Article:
Amid the blaring of pop tunes, the humming of power tools and the grinding of saws, Jay Ranaweera, masked by protective goggles, is at work on his latest project at the Station North Tool Library on a Sunday afternoon.
The 29-year-old designer and intern architect at Rohrer Studio is finishing up a credenza, which he will top with an ironing board in hopes of saving space in the Charles Village home he's renting. He has spent the past 2 1/2 weeks on the credenza — just one of the many creations he has built since stumbling upon the tool library a year ago.
The bustling facility — located in an unassuming building on Oliver Street — is home to nearly 2,000 tools, a wood shop and a metal shop. Here, Ranaweera has rented tools to fix his parents' windows, built a table for his home, and created a custom wooden handle for a saucepan.
Such projects are just what the Station North Tool Library is meant to facilitate. The library, which opened nearly three years ago, aims to offer affordable access to tools and the knowledge of how to use them. Members can check out tools for free as a way to decrease the high costs of home improvement projects. The tool library also offers classes, workshop space and more.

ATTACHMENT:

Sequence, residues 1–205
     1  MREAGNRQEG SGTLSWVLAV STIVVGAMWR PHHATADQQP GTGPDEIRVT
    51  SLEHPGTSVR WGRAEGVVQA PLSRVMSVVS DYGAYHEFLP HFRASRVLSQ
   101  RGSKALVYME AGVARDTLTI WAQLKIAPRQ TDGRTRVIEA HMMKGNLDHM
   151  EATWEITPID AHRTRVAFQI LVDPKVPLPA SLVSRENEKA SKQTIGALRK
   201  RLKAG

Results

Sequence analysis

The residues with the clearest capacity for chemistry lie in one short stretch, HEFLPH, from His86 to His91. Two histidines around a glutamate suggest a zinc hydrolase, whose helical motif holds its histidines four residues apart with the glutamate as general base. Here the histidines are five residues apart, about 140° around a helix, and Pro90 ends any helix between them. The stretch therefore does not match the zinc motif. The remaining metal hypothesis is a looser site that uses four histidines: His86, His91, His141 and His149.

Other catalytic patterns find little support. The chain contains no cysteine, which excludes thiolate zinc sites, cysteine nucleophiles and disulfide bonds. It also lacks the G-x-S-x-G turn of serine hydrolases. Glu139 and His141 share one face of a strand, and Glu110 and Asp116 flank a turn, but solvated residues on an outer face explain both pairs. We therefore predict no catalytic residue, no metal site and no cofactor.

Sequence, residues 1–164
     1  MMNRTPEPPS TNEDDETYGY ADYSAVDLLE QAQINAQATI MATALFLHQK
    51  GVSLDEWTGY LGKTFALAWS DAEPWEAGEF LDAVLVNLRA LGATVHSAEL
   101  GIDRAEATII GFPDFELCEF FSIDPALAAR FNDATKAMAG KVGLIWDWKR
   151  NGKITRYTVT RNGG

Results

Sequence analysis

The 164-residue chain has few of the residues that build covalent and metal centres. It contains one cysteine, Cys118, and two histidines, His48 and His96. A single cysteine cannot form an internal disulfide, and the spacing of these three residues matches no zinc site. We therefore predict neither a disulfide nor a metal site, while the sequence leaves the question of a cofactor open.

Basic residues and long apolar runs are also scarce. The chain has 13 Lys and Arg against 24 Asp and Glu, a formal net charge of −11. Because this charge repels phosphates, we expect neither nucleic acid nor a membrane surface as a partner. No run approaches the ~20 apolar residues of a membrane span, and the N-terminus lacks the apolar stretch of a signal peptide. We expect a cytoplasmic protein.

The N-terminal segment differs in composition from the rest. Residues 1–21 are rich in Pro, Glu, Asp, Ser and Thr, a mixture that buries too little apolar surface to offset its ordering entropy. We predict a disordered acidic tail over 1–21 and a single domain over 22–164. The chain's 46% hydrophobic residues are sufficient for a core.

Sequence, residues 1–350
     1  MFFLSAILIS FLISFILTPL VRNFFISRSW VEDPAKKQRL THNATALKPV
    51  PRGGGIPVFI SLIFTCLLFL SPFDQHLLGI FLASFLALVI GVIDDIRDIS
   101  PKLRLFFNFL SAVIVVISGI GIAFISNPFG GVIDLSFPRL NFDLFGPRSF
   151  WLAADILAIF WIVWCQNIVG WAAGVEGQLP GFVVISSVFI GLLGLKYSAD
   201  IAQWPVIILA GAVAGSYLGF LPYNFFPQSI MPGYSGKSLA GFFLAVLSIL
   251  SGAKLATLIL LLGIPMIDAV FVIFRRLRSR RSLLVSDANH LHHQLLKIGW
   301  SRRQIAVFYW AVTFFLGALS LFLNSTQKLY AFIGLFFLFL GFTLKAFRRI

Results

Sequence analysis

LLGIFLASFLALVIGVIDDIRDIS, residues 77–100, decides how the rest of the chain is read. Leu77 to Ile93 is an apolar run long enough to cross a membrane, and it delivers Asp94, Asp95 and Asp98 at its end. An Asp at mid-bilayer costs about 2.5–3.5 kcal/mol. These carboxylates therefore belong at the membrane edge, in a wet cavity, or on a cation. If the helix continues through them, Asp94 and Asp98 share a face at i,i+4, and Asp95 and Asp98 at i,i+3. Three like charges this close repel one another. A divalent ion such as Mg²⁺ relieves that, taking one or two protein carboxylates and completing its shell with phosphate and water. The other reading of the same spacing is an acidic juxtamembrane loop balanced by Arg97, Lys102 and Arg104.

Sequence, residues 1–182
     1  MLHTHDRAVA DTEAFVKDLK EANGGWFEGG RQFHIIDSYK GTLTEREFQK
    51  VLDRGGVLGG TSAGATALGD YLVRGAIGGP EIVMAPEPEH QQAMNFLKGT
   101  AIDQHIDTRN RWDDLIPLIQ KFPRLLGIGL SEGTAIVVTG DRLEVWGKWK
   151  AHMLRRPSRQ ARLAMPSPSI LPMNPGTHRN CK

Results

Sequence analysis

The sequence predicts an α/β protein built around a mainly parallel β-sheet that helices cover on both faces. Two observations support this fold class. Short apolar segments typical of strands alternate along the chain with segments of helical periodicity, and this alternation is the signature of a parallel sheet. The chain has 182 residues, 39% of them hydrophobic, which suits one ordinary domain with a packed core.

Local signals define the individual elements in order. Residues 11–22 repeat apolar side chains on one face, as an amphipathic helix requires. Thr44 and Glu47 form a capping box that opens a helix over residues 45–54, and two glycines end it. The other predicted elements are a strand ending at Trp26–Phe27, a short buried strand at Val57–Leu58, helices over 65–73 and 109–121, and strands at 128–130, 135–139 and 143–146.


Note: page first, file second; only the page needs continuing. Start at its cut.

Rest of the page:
For those looking to get creative or renovate their homes, Ranaweera said, the library is a saving grace.
"It's a luxury for people to have access to tools needed for high-end woodworking, and even for a hobbyist — it's not very often that they have access to tools like that," said Ranaweera.
Tool rentals are free for members.* Classes at the library, costing between $25 and $250, teach skills ranging from woodworking to skateboard-making. And members, who can choose to pay a yearly fee based on their income or a fixed monthly rate from $9 to $39, also can use the open workshop hours after they've completed a safety course.
Buying tools from a home improvement store or hiring a contractor can cost in the thousands, said Chris Lavoie, director of the tool library's public workshop. Offering low-cost tools and the sliding-scale membership prices "makes sure that these services are accessible to anyone," Lavoie said.
An online inventory shows which tools are available for checkout. The miter saw is the most popular, Lavoie said, but inventory depends on the season.
"Snow shovels have been very popular this month," Lavoie said. "We counted that we had 25 in stock, and I'm pretty sure a couple [weeks] ago, those were all checked out."
The workshop gives members a space to work on their projects, and is also where the skills and product-based classes are taught.
"We wanted to take hold of the DIY mentality and utilize the service, and show [people] what a whole room of tools can offer," said Lavoie.
Before classes were added to the tool library's offerings, Lavoie said he found himself giving tips and explanations about tools on a daily basis. It only made sense to streamline that instruction.
"It was just a natural progression to say, 'All right, when can we all get together and show people how a floor sander works?'" he said.